Please also remember that it is the proven applicability of the vacuum distillation method if thorium is not present in the salt that have led many of us to rediscovering the advantages of the 2 Fluid designs in which thorium is kept in a separate blanket salt.


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PostPosted: Feb 05, 2008 5:11 pm 
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Darryl,

A little bit of discussion on this site can be found in this Reprocessing section labeled "Vapor-phase waste reprocessing". I think it was discussed elsewhere as well.

I quickly found the article I was thinking of. It was actually in terms of using vacuum distillation on single fluid systems without removing UF4 by fluoride volatility first. This was for systems with extra proliferation resistance and the article is in Kirk`s repository under ORAU-IEA-77-13. They look at various other reprocessing schemes that you might find of interest. They mention a distillation temperature of 1200 C needed to effectively boil off ThF4. That does not sound very extreme to me. They do remind the reader though, that even the simple vacuum distillation runs with the MSRE salts had many engineering difficulties and this would have been around 1000 C.


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PostPosted: Feb 05, 2008 7:08 pm 
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darryl siemer wrote:
if one simply assumes that ThF4 and REF3 behave similarly upon heating except for the fact that the latter has a roughly 600C higher boiling point (which assumption is not unreasonable to a chemist), their relative volatilities work out to 1:60. Regardless of exactly which set of relative volatilities is used, computerized-modeling of what will happen during a boil-down indicates that we could recover >95% of the Th (and virtually all of FLiBe) while discarding >95% of the RE plus virtually 100% of stuff like 133Ba or 90Sr. This conclusion isn’t just an educated guess - it’s a scientific certainty.

Sounds like REF3 is also a good model for PuF3 -- in which case we see why there might be problems in running a denatured fluoride reactor.....

.


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PostPosted: Feb 05, 2008 7:23 pm 
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Thanks for the reference, I hadn't read it yet.

It seems to me that we wouldn't have to go any hotter than about 1100 C to volatilize (not "boil") off the thorium fluoride - its vapor pressure at that temp is about the same as LiF's is at 1000C & that's apparently enough to process about 1.5 ft^3 of salt per ft^2 of still pot area. Since the reactor's roughly 1600 ft^3 of salt wouldn't have to be distilled more often than about once or twice per year, this translates to a fairly small/cheap still.

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PostPosted: Feb 05, 2008 8:10 pm 
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This is to address David's question about some of the anecdotal reservations about distillation that seem to hanging around out there. I went back and took another look at ORNL 4415. On p 14 it lists what are purported to be to measured, not theoretical, relative volatilities of LaF3 & ThF4 relative to LiF (0.0015:0.24). This suggests that the "chemical effects" responsible for whatever's causing those reservations were probably really due to something like droplet carry-over (that's why the stuff in the pot shouldn't "boil"). There may indeed be some black magic effect that kicks in when 100% of the LiF is gone but I can't see a mechanism for it.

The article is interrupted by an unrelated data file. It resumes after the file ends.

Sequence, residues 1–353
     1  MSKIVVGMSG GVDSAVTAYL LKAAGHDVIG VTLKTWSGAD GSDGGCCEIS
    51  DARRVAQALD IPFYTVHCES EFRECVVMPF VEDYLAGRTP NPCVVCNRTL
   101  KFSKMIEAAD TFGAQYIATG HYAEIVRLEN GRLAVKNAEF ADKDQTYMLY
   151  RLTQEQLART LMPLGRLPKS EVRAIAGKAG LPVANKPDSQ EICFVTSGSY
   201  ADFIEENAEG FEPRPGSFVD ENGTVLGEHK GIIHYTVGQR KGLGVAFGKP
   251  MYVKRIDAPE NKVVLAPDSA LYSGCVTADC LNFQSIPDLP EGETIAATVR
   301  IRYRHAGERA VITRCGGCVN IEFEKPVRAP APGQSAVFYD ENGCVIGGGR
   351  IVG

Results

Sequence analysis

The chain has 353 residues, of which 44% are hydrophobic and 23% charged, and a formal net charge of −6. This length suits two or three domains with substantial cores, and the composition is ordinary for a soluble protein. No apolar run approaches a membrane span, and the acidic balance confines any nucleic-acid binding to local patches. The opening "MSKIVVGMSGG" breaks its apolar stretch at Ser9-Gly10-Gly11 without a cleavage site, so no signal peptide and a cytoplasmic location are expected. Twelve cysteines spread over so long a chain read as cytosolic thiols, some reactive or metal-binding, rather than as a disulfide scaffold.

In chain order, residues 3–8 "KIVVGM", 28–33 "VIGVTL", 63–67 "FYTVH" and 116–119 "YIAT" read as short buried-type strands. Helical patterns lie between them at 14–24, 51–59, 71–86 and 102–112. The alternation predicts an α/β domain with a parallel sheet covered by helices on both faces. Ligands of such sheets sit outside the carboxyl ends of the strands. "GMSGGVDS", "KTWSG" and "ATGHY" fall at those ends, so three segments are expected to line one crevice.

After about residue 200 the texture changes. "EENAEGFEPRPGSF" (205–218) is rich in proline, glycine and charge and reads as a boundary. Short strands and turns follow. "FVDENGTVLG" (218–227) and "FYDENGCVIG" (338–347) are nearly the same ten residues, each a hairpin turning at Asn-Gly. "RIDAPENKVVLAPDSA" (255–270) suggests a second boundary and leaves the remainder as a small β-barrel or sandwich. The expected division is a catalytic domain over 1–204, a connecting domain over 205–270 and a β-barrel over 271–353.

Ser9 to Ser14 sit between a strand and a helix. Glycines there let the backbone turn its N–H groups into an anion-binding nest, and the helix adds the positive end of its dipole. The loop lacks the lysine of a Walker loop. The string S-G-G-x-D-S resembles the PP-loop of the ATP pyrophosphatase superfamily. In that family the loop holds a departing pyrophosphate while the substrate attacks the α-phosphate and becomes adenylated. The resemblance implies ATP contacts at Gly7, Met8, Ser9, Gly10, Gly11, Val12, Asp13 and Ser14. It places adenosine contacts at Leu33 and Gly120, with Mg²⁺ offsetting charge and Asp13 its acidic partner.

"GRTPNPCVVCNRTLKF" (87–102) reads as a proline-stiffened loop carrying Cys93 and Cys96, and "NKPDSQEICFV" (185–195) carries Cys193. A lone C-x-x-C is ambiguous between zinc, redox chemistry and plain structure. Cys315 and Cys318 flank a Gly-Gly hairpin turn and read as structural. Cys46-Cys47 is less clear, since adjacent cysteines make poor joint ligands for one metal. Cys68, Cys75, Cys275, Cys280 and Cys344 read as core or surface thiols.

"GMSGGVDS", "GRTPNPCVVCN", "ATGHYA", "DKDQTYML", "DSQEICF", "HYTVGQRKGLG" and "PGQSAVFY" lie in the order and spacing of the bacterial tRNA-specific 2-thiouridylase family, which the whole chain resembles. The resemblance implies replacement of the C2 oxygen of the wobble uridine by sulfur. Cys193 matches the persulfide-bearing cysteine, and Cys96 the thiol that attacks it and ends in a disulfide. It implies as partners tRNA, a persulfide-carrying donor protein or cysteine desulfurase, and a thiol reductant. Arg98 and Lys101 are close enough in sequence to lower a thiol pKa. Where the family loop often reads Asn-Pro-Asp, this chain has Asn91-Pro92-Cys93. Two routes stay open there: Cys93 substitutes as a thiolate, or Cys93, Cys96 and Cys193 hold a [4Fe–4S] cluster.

Has anybody seen a reference that gives relative volatilities in LiF-free melts?

A good separation is important because most of the "high level waste" produced by the reactor is actually going to be thorium not FP.

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PostPosted: Feb 05, 2008 8:23 pm 
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darryl siemer wrote:
A good separation is important because most of the "high level waste" produced by the reactor is actually going to be thorium not FP.


...assuming that it's a one-fluid (LiF-BeF2-ThF4-UF4) reactor. If it's a two-fluid reactor (which I really favor) the distillation residues will be entirely thorium-free.

Protactinium removal in the blanket will keep the blanket fission-product-free.


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PostPosted: Feb 05, 2008 8:24 pm 
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jaro wrote:
darryl siemer wrote:
if one simply assumes that ThF4 and REF3 behave similarly upon heating except for the fact that the latter has a roughly 600C higher boiling point (which assumption is not unreasonable to a chemist), their relative volatilities work out to 1:60. Regardless of exactly which set of relative volatilities is used, computerized-modeling of what will happen during a boil-down indicates that we could recover >95% of the Th (and virtually all of FLiBe) while discarding >95% of the RE plus virtually 100% of stuff like 133Ba or 90Sr. This conclusion isn’t just an educated guess - it’s a scientific certainty.

Sounds like REF3 is also a good model for PuF3 -- in which case we see why there might be problems in running a denatured fluoride reactor.....

.


Yes PuF3 and the other higher actinides will always be the tougher species to process. They are most likely impossible to separate from the rare earths using vacuum distillation. However, fluoride volatility is not out the question, just harder. If I recall correctly, for UF4 you only need a ratio of about 3 to 1 of fluorine gas to uranium in the salt. For plutonium the main difference was needing about 70 to 1. That high concentration of fluorine was extremely corrosive to deal with. ORNL looked at a few tricks to help such as solidifying the salt, making it into a fine powder and counter flowing it in fluorine gas.